The Tardis time machine / spaceship in Dr. Who was disguised as a police box.

Why IoT Security Is Like a Time Machine from Dr. Who

Everyday, there seems to be new headlines warning of IoT security disasters, little of it is really new. Meanwhile, there are relevant security lessons to be gleaned from the classic British science-fiction series.

While there are real problems to be addressed with IoT security, much of the proposed solutions seem to be generic, failing to take into account the human factor of hacking and the economic factor, says Derek Kerton, founder of the Kerton Group and founder and chairman of the Telecom Council of Silicon Valley.

The Economics of Hacking

“If nobody cares about hacking your device, that is more important than how good your encryption is,” Kerton says. “Economics dictates security. But it also dictates the cost-benefit analysis for the hacker. If you are doing security merely from an engineering perspective, it is like coming up with the world’s best technology but not having a business plan or a value proposition.”

Of Hacking, Time Machines, and Bike Locks

Instead of giving up on the plans for ambitious technology because of an inherent security risk, Kerton recommends that companies ask: “what is in it for the hacker?” and “how can we make it so that there is less in it for him and make it hard enough for him not to do it.” You don’t want to be the lowest hanging fruit for a hacker.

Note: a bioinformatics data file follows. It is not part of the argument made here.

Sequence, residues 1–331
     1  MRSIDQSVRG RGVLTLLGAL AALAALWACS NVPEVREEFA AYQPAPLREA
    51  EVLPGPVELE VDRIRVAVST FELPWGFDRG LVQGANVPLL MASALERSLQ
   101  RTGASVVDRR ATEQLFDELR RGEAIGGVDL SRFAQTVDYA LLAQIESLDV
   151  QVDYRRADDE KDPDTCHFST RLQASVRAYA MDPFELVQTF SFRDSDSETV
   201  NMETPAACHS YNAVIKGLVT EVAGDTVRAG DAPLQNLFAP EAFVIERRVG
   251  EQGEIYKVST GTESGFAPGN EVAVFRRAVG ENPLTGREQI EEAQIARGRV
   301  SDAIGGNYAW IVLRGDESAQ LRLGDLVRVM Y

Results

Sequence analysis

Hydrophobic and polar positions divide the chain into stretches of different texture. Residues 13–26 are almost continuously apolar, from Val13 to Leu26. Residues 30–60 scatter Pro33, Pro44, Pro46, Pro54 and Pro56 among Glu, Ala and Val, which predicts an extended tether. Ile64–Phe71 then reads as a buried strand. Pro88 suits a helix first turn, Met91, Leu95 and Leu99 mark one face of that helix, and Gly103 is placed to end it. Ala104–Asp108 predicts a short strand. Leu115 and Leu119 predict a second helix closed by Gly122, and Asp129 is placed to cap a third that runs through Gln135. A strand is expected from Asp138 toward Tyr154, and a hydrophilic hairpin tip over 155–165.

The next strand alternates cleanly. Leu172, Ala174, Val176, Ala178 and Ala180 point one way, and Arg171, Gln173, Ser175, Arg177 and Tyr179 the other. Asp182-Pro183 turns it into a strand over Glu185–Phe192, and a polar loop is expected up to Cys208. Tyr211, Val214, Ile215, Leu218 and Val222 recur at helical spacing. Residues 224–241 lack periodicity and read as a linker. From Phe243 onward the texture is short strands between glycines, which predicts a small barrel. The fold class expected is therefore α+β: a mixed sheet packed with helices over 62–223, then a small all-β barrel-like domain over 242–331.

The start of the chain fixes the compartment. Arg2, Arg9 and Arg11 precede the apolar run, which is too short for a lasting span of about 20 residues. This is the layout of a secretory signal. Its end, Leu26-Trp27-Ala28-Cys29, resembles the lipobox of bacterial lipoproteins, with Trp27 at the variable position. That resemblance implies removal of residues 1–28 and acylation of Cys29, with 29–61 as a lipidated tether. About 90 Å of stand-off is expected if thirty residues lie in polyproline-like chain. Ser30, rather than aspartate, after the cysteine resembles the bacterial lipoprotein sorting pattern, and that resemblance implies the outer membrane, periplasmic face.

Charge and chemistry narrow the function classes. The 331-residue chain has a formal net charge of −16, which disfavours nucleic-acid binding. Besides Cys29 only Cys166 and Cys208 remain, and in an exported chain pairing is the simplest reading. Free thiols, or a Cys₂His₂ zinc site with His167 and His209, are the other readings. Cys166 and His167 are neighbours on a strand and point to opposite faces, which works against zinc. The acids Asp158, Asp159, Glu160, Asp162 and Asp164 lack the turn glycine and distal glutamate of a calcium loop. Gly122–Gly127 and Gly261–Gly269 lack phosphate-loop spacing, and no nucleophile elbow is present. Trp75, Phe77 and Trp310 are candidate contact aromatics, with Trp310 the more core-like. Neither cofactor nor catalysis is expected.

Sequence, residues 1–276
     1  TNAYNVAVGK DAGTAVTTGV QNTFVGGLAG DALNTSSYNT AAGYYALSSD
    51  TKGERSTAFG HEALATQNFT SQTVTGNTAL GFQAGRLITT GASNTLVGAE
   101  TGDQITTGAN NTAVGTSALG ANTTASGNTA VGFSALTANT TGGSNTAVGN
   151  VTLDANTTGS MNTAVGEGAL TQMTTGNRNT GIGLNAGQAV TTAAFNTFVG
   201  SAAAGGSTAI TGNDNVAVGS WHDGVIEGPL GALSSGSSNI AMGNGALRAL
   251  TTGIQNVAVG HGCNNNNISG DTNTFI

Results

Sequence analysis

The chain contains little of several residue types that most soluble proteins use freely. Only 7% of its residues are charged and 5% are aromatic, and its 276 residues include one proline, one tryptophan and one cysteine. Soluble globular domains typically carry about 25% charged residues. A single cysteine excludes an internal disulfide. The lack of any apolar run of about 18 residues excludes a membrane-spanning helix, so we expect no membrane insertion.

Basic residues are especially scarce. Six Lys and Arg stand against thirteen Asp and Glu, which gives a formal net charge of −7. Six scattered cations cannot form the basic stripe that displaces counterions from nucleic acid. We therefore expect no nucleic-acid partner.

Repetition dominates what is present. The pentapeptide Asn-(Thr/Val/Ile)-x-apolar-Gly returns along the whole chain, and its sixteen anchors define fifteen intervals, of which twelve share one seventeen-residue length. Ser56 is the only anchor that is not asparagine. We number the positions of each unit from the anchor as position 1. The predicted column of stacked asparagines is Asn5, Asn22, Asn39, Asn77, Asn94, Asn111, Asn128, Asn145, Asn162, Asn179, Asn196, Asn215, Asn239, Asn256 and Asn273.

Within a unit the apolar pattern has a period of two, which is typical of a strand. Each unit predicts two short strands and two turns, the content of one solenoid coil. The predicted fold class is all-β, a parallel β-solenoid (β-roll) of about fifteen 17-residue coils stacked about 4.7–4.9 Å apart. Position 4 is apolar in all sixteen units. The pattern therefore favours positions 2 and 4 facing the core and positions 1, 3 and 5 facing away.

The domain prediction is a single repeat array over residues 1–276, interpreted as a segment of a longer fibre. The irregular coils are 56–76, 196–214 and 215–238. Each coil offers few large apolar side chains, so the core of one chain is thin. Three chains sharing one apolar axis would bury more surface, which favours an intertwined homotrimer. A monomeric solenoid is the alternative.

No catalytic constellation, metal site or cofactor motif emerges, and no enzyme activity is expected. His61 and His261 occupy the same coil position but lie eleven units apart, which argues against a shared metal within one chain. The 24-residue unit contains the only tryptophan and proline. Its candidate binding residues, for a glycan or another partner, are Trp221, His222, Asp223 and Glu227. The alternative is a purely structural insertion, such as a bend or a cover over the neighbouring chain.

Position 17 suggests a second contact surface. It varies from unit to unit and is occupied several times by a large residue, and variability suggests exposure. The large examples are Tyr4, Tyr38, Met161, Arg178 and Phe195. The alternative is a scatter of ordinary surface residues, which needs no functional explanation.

“This reminds me of the TARDIS time machine and spacecraft in Dr. Who,” Kerton says. “It looks like a normal police box from the outside. But if you knew what it was, you would probably steal it.”

An important trick to avoid getting hacked is to design your application so it doesn't look appealing to a hacker—so it looks more like a police box than a time machine. 

The parallels between hacking and theft is often overlooked. Ultimately, IoT security—or any kind of security—isn’t all that different than, say, locking up a bicycle in a public place. “I don’t have to have the perfect lock for my bike; I just have to lock it up better than the next bicycle. The worse the bicycle is, the better my security is. That’s just economics. If you have a crappy bike with a decent lock, nobody is going to steal it.”

That doesn’t mean companies should aspire to have subpar technologies to bolster their security, but that they should aspire to understand the mindset of a hacker rather than focusing solely on technological solutions.

In the economics of hacking, everything isn’t necessarily about money. Prestige or bragging rights are often a part of hacker’s payback.

To improve your IoT security, try to understand what would drive a hacker to target your technology in the first place.

As Sun Tzu said millennia ago: “To know your enemy, you must become your enemy.”

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